Nova Scotia Archives

Land Records

Land Records

For many early settlers in Nova Scotia, land was often the only possession of real value. As a result, land records have been carefully documented and maintained since the first days of colonial government. A large, complex system quickly evolved, serving various purposes: documenting the land-granting process, whereby free land was offered by government to intending settlers; providing a continuous record of property transactions (sellers to buyers, and the reverse) over time; and protecting landholders' ownership and occupation of property.

Land records collectively provide a significant resource for family history research. The collection maintained at the Nova Scotia Archives is voluminous and complex; because of its size, little has been digitized, and most research must be done onsite, accessing the records via microfilm.

A few resources are available online to start your exploration of land records.

  • The Nova Scotia Land Papers 1765-1800 database available on this website contains 11,464 names of early settlers petitioning for grants of Crown Land from government, plus fully digitized document files for the resulting grants; includes mainland Nova Scotia and Cape Breton. This resource also provides background information on the land-granting process.
  • An overlapping Cape Breton Island Petitions 1787-1843, available on this website, provides an additional searchable name database for early land petitioners there.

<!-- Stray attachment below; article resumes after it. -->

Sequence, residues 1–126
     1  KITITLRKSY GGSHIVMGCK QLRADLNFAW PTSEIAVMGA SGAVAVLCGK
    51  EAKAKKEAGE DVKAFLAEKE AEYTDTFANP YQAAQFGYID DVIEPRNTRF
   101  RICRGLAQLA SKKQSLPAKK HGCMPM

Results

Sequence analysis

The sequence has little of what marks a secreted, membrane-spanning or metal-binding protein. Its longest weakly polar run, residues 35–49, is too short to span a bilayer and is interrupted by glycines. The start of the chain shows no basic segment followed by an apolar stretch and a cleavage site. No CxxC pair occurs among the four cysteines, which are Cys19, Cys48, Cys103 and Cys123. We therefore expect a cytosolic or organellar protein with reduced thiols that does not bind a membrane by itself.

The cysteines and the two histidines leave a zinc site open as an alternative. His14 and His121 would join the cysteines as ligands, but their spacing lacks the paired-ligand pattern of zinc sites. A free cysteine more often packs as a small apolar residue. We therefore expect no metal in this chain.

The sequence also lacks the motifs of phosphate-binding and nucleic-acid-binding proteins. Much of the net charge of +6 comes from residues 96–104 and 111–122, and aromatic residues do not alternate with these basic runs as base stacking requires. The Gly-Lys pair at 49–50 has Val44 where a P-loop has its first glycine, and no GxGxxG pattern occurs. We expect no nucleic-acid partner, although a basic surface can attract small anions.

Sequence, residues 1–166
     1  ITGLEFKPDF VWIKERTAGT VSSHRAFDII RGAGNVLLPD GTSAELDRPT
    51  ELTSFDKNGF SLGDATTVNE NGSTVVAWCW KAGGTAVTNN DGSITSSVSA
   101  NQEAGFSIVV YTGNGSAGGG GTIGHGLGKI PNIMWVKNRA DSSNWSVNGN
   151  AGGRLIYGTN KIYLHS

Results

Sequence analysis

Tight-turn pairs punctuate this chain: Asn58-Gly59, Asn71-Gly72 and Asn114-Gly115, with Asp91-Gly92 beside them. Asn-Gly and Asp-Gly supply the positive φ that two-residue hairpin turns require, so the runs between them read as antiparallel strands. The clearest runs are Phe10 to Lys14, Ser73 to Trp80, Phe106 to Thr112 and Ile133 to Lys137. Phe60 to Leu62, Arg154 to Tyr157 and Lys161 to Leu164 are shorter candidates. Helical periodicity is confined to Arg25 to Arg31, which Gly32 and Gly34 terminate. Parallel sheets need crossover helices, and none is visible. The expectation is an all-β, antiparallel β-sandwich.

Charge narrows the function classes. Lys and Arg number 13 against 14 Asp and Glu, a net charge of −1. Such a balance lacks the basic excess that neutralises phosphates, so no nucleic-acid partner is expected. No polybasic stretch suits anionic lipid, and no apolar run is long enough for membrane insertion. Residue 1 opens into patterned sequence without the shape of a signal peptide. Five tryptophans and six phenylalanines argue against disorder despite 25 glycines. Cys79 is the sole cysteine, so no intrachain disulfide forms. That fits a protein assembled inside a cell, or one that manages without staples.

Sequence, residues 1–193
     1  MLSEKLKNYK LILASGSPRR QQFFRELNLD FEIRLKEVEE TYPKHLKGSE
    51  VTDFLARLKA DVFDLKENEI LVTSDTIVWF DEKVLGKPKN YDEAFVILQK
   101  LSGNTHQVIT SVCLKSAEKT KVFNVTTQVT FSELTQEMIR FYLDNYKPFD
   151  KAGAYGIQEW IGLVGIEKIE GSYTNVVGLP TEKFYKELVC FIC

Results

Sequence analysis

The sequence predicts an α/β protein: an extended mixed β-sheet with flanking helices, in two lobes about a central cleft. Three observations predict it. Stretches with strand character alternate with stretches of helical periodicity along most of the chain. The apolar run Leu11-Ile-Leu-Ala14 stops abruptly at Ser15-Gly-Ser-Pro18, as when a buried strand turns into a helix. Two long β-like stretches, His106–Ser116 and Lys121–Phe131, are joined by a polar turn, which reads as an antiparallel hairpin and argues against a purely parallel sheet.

• The Crown Lands Index Sheets, a series of maps showing the approximate location of all land grants in Nova Scotia, are available on the Nova Scotia Natural Resources website.

The most useful resources to explore onsite at the Nova Scotia Archives are:

  • Nova Scotia Commissioner of Crown Lands. Petitions, 1765-1914; 1765-1800 digitized on this website. Includes petitions, surveyors' reports and certificates, warrants to survey, draft grants and miscellaneous relatated documents. Formerly RG 20 Series A, the records have been microfilmed and are accessed via a card index in the 3rd floor Reading Room; and via an overlapping surname index (1765-1937) on microfilm (microfilm 12926 - A to G; microfilm 12927 - H to Z).
  • Nova Scotia Commissioner of Crown Lands. Petitions to purchase Crown Lands, 1800-1885. Formerly RG 20 Series E, the records have been microfilmed and are accessed via a printed index in the 3rd floor Reading Room.
  • Nova Scotia Commissioner of Crown Lands. Ungranted Land Petitions, 1811-1849. Formerly RG 20 Series U, the records have been microfilmed and are accessed via a printed index in the 3rd floor Reading Room.
  • Nova Scotia Registry of Deeds. Records, 1749-ca. 2003; 390 metres; 3272 volumes. All activities concerning land owernership subsequent to the intitial Crown grant are recorded as deeds or conveyances entered in the records of the Registry of Deeds for the appropriate county within Nova Scotia. Extensive indexes and records, 1749-ca. 1930 are available on microfilm at the Nova Scotia Archives.

Because the land granting and deed registry processes in Nova Scotia are so complex, you might want to read our Short Guide to Land Records ... which is by no means complete!